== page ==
How to Deal With HOA Delinquency

Published: 11/01/2021

- by Alana Ashby

HOA boards have a fiduciary duty to ensure that assessments are levied and collected. In order to avoid serious financial issues related to assessment delinquencies is to stay proactive and have a formal collection policy.  

An effective collection policy should: 

  • - Be established by a formal resolution of the board that specifies the collection of delinquent fees, delineates the procedures that need to be followed, and designates the circumstances under which the procedures are required or permitted. 

  •  - Specific actions that are within the power of the HOA and its board. 

  •  - Set a firm due date for assessments. 

  •  - Outline the steps to be taken by the people responsible for collecting assessments when a payment is late with a specific timeline for each step of the process.  

  •  - Allow for discretion in special cases. The burden of requesting special consideration should be placed upon the owner. The discretionary power should be under the control of the board.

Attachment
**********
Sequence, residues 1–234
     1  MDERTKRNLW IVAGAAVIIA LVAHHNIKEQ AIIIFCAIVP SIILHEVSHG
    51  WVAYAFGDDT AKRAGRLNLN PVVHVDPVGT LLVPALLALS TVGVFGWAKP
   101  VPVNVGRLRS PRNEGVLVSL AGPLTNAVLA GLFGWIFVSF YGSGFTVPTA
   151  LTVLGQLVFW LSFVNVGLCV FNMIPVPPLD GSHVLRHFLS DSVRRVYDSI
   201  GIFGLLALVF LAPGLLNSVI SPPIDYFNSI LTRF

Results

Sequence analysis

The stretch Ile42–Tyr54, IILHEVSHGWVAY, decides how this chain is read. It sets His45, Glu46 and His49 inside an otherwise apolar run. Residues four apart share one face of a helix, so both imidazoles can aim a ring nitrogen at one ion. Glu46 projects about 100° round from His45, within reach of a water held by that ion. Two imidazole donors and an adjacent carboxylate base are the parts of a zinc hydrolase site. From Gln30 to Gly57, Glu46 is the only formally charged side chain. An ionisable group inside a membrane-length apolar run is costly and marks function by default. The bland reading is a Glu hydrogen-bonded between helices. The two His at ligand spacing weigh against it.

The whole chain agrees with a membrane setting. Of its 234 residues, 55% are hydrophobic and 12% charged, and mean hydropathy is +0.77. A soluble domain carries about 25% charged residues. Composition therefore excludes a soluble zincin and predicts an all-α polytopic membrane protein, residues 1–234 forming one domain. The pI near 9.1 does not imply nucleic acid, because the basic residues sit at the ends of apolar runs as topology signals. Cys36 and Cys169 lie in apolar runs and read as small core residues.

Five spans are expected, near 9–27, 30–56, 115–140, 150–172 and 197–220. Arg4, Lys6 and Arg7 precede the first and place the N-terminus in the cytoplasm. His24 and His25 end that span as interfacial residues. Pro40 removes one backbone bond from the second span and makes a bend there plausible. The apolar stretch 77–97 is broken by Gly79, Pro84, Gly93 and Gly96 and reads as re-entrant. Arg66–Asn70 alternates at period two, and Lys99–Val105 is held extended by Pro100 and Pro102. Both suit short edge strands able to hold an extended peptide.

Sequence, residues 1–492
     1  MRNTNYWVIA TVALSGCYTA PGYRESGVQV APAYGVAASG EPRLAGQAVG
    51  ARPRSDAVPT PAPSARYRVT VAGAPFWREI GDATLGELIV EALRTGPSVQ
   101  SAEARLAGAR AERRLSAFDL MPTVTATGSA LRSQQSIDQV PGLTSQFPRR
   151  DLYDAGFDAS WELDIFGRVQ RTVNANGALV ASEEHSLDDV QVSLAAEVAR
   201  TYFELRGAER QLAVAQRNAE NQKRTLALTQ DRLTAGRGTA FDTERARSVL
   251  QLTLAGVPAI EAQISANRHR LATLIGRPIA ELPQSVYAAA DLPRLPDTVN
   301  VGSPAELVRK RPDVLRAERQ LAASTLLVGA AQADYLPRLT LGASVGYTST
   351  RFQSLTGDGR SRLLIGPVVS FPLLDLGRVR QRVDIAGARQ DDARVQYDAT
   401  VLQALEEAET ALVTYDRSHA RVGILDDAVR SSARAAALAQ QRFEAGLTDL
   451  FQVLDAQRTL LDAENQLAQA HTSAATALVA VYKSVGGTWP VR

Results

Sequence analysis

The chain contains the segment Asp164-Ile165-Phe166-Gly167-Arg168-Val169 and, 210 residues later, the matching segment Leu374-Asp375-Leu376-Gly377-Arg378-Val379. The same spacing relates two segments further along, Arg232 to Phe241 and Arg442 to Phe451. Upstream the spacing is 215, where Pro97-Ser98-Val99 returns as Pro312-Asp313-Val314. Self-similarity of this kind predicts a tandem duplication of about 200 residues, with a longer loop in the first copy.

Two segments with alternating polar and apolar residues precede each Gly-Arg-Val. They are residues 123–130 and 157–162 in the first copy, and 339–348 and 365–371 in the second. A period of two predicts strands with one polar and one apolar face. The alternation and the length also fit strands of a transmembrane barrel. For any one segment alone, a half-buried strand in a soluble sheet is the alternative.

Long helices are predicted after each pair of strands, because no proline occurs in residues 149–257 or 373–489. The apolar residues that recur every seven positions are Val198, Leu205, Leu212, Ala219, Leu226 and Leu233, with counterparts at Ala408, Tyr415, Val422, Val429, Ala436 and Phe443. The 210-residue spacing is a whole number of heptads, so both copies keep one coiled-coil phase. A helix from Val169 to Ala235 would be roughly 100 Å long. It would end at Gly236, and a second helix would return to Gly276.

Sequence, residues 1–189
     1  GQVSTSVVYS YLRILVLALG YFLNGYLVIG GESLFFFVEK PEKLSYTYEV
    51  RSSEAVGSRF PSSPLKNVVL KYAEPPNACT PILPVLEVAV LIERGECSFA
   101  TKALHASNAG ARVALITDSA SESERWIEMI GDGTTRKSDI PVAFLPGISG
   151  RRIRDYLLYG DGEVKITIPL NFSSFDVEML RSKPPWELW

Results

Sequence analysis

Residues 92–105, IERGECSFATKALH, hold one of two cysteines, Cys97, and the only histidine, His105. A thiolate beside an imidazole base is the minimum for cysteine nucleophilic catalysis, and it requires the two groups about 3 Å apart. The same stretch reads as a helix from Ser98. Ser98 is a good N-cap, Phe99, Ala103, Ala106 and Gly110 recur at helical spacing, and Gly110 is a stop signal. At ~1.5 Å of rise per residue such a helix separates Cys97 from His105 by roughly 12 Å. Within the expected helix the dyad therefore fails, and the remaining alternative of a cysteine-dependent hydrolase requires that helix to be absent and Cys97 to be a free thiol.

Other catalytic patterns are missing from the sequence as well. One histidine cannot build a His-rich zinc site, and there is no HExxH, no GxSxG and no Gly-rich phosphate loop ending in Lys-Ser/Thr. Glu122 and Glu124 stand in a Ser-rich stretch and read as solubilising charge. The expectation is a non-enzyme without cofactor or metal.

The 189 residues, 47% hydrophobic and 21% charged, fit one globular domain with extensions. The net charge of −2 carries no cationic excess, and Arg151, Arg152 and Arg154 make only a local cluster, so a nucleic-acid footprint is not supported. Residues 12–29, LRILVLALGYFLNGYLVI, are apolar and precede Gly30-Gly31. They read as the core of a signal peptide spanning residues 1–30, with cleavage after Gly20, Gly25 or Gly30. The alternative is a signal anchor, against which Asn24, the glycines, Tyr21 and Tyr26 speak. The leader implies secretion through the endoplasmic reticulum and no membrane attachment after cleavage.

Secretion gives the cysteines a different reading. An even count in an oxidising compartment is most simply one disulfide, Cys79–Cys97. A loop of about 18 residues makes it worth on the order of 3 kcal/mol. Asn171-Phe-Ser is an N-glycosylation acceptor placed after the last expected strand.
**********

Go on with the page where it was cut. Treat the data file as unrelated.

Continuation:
•  - Specify when a delinquent assessment should be referred to legal counsel. This step should be automatic once a delinquent assessment reaches a specific age or amount.  

  •  - Provide for the collection of any costs associated with collecting delinquent assessments.  

 

Once a collection policy is adopted, it must be distributed to every owner in the community. Following distribution, the collection policy must be uniformly enforced. Consistency is critical to effective enforcement, so the board must ensure that the policy is utilized and followed for every delinquent owner in the community.  

 

Being proactive in assessment collections also means pursuing any available legal remedies, including but not limited to: 

  •  - Seeking a personal judgment against the owner of the property in accordance with the statute of limitations 

  •  - Executing on a personal judgment by way of levy upon and sale of personal property, vehicle sale, and bank account or wage garnishment 

  •  - Filing a lien against the property 

  •  - Foreclosure of the property on a judgment or statutory lien 

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    Alana Ashby, CMCA and owner of AMI, helped to establish and served as a Board Member for Community Associations Institute (CAI) Idaho Chapter. Alana has extensive experience in all aspects of financial management, real estate development and management, as well as negotiation.  

     

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